Sunday, 26 July 2009

The Crucible ~ Arthur Miller

The Crucible is a play based upon actual historical facts and people from the Salem Witch Trials. ... I feel sorry for anyone who had to sit through the play when it was originally performed. ... The characters portrayed in the play are real people who were directly involved in the trials that took place in 1692 in Salem, MA although the events, actions, and personalities of the characters in the play are purely fictitious.

The story focuses on Abigail Williams, the niece of Reverend Samuel Parris, and Abigail’s friends whom we soon find out where all participating in some questionable behavior. The curtain opens upon Reverend Parris praying over his afflicted daughter, Betty. Various neighbors enter and exit the scene and pronounce the child to be possessed, much to the horror of Reverend Parris.

Whether Betty was truly ill or simply acting I never found out because I quit reading the story after 20 pages. The characters were so cruel and generally annoying that I couldn’t stand reading about them. I don’t know why Arthur Miller chose to make his historically Puritan characters out to be so malicious. Even though the book was only 140 pages long I did not want to finish the story. Had I been in the audience during the original 1953 Broadway production I would cringed the entire time.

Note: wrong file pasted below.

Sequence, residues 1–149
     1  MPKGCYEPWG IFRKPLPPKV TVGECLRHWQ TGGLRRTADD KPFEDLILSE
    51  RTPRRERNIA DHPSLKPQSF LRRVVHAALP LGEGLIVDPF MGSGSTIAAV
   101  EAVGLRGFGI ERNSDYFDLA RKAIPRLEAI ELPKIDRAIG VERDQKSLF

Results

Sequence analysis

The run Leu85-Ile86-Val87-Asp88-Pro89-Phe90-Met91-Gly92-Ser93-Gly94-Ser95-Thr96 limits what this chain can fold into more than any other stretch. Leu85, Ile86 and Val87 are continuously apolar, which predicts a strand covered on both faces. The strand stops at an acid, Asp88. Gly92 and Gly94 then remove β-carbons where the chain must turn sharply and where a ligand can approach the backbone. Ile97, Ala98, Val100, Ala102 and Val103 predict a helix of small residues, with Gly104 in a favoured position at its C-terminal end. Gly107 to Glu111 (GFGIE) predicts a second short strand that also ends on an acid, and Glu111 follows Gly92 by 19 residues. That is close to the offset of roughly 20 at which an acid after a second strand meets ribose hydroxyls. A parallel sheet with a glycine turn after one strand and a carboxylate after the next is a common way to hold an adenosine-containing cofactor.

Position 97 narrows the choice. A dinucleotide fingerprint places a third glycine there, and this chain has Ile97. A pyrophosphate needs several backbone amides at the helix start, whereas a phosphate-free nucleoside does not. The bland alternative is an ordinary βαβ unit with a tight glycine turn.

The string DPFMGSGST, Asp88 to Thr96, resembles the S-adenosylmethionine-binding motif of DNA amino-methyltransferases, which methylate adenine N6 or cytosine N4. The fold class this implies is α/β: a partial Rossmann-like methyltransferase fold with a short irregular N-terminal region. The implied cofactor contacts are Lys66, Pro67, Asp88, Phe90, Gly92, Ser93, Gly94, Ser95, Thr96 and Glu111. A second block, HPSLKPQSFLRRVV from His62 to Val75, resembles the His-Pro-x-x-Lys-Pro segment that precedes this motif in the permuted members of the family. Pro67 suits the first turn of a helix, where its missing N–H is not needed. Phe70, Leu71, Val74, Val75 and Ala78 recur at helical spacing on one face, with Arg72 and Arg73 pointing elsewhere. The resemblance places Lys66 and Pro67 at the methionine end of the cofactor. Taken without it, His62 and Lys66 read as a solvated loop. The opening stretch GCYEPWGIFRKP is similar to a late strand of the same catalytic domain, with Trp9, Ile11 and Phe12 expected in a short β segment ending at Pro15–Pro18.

2 comments:

Rosebud said...

Well, I know the Puritans did go a little overboard in their treatment of those who believed differently from them; kind of sad, because they left England because of the Anglicans treating them like that. =S

Anna said...

Those people WERE malicious. They hung/crushed many men and women for being "witches" when they just happened to be different from the norm. I think the rest of the play explains that.